September of 2011 brought in the highest number of resignations in a one month period since November of 2008, according to the Bureau of Labor Statistics. This may come as a surprise considering the weak jobs market – it was recently reported that unemployment filings had exceeded projected forecasts.
So what gives? What did 2 million Americans in September know that the rest of us didn’t? Or, were they just irrationally acting on a whim? There can be many possible answers to these questions, but the most important question to answer is: were they ready?
One untold secret of tough economic times is that they are the best times to start a business for four main reasons:
- Brand Loyalty is weakened.
- Lowered overhead costs.
- Bigger employee pool.
- Competitors are suffering too.
Could this large percentage of people leaving their jobs be dreamers hopefully to finally start that business they dreamt of? Some of them possibly, but definitely not all of them. A lot of people do not have the same company loyalty more commonly associated with older generations, and even more are looking for a job that fits their lifestyle, i.e day care centers, flexible hours and variety of projects.
In an interview with the Chicago Tribune, prosperity coach Randy Gage, brings up a good point, “Playing it safe is the new risky, and being risky is the new safe…today, staying with one company is the riskiest thing to do. I think what’s happening is a lot of people are saying, ‘I don’t trust corporate America is going to take care of me anymore.”
If you’re one of those people at a big corporate job thinking about making the leap? It’s important to make sure you are emotionally and financially ready.
Are You Ready to Quit Your Job
First off, think about why you are quitting. Is it something you can control? Are you not getting paid enough, engaged by your work or getting along with a coworker? If it’s something you think you can resolve with HR or talking to your boss, you should first try to work together in order to find a way to stay at the company. If not, be sure not to burn bridges and consider these steps:
1. Figure Out What You Want To Do
Do you want a new job? Do you want to take a break? Whatever it is you choose to do, it’s important to first set up a schedule outlining what it is you want to do. For example if you would like some time off to write or do any other hobby make a goal of how much you get done i.e. 10 pages a day or go fishing once or twice a week.
Sometimes when you have this game plan you can find side work for supplementary income. If you want to look for a new job, force yourself to apply to 10 companies a week, or more if you are able to. By creating schedules to stick to you won’t fall off the face of the earth when you don’t have anyone to answer to.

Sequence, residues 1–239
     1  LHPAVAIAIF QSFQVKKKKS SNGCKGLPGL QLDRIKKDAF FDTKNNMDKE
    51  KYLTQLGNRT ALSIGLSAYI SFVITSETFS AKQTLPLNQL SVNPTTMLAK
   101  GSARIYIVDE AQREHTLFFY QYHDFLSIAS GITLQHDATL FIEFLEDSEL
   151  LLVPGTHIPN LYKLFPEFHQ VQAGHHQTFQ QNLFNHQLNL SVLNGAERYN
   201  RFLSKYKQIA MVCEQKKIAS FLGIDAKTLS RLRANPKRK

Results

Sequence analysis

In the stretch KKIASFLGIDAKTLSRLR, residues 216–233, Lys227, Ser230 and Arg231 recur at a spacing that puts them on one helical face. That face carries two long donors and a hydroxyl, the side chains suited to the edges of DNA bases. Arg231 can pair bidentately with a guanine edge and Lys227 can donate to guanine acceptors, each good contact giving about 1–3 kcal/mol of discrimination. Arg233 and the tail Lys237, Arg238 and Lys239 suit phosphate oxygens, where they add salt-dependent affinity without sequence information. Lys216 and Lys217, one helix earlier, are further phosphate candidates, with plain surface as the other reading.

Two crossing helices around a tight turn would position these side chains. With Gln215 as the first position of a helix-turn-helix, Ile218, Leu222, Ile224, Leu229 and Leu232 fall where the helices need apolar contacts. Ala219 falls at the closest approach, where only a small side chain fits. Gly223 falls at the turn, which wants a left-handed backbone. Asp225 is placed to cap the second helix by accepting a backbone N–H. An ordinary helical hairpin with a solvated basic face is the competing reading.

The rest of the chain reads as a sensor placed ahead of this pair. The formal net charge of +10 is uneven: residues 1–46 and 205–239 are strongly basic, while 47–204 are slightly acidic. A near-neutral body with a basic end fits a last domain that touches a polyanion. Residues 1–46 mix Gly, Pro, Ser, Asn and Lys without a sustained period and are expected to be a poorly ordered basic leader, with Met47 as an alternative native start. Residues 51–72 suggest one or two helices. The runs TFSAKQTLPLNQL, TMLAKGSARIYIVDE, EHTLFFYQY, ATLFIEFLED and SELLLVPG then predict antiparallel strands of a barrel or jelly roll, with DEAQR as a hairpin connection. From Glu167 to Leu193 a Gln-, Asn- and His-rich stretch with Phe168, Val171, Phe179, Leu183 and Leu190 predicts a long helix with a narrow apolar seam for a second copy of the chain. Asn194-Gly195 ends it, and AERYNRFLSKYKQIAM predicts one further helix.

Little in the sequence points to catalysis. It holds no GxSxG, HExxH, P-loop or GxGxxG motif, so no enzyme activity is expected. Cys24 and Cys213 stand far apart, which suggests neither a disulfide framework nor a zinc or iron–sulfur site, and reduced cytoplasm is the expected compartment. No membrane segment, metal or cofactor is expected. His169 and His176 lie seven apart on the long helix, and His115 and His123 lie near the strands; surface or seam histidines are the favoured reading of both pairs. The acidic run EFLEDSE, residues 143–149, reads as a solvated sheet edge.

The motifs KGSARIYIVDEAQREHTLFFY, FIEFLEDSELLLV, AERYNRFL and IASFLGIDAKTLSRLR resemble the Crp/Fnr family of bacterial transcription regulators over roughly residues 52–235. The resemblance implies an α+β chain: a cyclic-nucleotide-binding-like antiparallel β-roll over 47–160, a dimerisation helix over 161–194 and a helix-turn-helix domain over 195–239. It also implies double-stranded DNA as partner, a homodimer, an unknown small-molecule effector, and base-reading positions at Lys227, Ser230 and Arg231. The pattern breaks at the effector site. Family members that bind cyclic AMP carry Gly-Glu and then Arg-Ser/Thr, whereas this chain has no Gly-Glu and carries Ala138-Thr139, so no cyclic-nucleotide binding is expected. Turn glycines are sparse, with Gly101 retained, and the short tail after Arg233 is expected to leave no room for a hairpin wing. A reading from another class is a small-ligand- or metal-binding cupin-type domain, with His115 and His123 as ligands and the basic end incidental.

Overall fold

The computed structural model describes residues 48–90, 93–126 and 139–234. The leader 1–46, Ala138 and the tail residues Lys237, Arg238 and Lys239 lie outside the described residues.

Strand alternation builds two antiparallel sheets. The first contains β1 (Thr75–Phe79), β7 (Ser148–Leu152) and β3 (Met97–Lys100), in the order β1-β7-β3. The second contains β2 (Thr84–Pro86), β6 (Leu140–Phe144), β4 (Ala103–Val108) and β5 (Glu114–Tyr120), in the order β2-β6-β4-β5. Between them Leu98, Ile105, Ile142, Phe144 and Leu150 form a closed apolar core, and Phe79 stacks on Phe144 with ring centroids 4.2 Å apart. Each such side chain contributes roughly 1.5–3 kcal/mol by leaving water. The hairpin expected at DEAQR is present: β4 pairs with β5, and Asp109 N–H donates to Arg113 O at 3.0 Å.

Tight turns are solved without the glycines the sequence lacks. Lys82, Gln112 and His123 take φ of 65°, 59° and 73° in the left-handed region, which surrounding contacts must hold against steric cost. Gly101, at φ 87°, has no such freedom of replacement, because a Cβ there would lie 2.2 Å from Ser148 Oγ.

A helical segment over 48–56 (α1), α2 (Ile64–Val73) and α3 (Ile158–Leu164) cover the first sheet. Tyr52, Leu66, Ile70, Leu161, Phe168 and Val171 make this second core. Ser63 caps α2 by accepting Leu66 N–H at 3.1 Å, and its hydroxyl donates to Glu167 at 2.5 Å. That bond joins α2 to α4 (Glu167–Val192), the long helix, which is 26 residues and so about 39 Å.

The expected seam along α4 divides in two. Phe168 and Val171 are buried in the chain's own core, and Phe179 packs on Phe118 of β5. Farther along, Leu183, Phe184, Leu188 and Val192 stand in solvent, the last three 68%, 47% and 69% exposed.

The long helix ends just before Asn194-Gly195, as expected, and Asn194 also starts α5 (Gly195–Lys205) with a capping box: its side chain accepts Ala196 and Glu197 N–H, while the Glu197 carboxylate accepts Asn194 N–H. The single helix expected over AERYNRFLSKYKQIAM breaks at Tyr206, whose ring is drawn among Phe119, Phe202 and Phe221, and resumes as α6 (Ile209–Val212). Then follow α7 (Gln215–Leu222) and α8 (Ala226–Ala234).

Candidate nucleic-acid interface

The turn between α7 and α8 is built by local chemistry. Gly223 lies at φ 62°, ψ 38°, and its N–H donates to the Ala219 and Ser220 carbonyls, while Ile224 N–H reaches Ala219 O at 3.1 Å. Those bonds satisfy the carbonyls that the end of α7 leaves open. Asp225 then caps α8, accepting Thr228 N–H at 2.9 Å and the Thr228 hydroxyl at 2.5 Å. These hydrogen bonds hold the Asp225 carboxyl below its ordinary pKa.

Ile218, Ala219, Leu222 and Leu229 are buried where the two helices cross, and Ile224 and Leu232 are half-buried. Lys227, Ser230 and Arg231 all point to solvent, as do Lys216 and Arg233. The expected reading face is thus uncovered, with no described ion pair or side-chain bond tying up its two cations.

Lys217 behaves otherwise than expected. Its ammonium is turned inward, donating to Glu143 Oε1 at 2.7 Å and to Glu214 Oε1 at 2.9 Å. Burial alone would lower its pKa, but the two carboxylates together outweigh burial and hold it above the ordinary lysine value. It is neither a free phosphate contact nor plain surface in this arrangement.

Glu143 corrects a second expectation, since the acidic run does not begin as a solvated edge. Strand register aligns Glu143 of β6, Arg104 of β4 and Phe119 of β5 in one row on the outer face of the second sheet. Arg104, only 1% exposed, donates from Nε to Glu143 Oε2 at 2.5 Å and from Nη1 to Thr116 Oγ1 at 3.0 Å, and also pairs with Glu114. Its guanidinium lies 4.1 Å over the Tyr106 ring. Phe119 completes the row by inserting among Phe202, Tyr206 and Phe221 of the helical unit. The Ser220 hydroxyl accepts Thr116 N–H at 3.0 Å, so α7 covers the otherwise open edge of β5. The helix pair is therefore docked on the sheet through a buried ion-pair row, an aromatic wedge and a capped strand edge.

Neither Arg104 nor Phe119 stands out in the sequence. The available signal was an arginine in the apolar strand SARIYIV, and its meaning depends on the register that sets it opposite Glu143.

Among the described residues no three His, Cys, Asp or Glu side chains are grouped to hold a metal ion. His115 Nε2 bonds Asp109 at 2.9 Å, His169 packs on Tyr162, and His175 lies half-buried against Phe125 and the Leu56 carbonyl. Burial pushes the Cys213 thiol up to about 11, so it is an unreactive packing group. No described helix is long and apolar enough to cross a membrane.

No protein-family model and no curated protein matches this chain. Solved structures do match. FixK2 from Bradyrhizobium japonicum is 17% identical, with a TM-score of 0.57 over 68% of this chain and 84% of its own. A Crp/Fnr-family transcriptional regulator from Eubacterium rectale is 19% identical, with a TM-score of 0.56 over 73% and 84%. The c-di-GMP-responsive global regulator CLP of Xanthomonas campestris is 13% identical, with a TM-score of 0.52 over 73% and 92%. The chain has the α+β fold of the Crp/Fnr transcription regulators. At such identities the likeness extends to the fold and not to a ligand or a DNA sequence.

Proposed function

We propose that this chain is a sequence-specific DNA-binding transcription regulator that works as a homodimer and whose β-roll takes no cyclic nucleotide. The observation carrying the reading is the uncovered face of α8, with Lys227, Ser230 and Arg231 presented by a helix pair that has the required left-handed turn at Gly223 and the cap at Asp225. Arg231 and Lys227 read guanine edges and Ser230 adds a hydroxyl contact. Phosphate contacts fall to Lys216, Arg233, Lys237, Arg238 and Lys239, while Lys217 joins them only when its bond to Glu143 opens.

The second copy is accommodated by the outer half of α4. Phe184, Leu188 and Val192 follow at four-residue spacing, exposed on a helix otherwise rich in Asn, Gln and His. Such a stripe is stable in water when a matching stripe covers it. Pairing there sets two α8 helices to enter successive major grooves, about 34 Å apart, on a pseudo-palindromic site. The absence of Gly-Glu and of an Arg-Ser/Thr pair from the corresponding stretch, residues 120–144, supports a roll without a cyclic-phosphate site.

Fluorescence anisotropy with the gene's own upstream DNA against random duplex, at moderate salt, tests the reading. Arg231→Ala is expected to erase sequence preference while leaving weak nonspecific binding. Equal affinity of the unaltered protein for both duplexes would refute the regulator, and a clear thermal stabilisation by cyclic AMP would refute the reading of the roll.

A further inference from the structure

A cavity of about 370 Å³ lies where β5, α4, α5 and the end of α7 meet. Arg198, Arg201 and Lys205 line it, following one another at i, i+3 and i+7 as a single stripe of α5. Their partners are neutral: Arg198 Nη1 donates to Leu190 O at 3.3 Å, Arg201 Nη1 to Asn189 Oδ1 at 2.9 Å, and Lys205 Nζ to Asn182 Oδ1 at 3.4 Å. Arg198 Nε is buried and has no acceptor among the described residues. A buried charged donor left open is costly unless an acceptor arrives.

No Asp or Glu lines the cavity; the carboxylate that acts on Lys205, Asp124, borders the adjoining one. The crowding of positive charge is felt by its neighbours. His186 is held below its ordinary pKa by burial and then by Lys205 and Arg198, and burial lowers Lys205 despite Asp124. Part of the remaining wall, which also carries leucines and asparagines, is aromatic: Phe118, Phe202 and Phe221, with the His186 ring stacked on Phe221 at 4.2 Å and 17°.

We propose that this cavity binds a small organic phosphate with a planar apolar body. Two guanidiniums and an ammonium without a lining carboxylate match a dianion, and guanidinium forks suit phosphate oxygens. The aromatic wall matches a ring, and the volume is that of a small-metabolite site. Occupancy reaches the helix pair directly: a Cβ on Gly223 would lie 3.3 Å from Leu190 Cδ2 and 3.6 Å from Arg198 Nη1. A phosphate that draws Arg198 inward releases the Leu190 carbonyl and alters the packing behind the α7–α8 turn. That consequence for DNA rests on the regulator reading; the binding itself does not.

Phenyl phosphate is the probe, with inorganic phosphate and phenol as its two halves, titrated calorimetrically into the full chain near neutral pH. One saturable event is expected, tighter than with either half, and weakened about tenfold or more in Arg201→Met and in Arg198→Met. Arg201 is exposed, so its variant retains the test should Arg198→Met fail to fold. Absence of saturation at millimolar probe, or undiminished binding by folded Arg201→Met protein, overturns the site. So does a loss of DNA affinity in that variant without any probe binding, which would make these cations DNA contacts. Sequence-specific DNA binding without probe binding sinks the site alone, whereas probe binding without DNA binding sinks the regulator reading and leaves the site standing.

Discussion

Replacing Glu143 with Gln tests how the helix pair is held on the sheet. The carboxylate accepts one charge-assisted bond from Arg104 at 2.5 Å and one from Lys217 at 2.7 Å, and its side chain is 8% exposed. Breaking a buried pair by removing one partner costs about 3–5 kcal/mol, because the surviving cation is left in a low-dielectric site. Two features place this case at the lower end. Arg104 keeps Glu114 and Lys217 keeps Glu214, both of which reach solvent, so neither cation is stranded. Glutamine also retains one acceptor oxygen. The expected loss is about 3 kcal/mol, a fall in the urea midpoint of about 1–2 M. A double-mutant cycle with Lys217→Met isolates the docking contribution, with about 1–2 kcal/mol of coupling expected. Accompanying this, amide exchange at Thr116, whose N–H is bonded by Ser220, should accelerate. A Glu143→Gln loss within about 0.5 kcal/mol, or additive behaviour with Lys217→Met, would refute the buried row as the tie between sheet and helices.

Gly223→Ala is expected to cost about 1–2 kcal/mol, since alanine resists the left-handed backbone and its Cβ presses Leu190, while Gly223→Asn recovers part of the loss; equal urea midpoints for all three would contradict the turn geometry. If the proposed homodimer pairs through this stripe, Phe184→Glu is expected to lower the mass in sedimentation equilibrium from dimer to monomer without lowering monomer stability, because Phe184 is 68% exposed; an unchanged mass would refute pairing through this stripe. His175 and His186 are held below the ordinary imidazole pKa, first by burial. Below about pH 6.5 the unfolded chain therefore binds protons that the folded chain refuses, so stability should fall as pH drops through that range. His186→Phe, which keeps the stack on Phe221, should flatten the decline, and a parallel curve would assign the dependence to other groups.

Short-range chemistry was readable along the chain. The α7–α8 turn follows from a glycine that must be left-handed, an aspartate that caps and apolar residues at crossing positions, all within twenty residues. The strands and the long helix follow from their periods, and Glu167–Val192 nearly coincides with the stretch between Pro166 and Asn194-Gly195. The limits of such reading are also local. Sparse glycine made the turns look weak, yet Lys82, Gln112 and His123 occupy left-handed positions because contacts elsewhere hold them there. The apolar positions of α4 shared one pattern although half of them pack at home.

2. Budget Your Monthly Spending
Deciding to quit a job shouldn’t be an overnight decision, unless you have a better one lined up. If you want to quit without first securing another job, you have to see how much you need to survive for at least 6 months. Some may argue 3-4 months is a good amount of time to get a new job, but you want to account for emergencies as well.
3. Whittle This Number Down
See how low you can bring your monthly spending. Cut out everything extra including eating out, drinking, traveling, shopping etc. When you aren’t getting an income, unfortunately you have to give up all these things to survive on your savings.
4. Put it Away (Preferably in a High Interest Account)
There’s no getting around it, APYs stink right now. But in order to really dedicate yourself to this plan you need to put away money and make all the extra on it you can. It most beneficial to use online calculators to compare good savings rates, CD Rates and so on so you will not be tempted to touch the money you put away, while simultaneously earning on it.
5. Sit Back and Save for a Year
A YEAR!? Yes, a year. Listen, as I said before, quitting your job is not a process that should be taken lightly. If you give yourself a year, you can save up the money you will need to live off of for the few months you figure things out, pay off some debt and really evaluate if want to leave this job.
Quitting a job may seem like a really risky, but if you are smart with your finances and have a plan, there is no reason why quitting may be the best decision you’ve made in your life.Related